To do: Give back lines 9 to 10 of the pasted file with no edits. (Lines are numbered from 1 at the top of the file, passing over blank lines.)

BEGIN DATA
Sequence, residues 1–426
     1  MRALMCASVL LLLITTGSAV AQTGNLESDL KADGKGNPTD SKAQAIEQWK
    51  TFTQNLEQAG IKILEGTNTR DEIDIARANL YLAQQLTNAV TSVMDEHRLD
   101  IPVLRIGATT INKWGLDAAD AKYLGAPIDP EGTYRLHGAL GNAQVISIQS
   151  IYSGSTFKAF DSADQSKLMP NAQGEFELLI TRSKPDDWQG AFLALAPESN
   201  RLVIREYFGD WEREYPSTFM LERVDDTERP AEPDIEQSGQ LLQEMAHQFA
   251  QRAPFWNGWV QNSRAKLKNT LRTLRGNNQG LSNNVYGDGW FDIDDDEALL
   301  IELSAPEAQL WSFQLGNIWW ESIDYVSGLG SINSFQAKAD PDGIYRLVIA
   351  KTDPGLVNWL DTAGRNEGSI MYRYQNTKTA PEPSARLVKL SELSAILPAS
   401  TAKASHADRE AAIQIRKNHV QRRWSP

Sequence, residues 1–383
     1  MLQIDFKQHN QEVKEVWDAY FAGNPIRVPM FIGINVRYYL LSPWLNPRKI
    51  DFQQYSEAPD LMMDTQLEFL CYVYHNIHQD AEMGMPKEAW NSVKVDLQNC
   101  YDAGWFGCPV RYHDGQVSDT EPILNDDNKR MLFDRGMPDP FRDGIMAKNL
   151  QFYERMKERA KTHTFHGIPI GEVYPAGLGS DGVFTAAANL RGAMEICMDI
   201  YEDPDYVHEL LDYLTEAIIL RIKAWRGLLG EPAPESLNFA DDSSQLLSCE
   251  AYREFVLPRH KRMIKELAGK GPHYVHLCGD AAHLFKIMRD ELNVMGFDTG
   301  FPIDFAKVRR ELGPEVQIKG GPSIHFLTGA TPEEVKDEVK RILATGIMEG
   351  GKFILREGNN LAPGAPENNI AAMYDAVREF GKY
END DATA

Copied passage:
   351  KTDPGLVNWL DTAGRNEGSI MYRYQNTKTA PEPSARLVKL SELSAILPAS
   401  TAKASHADRE AAIQIRKNHV QRRWSP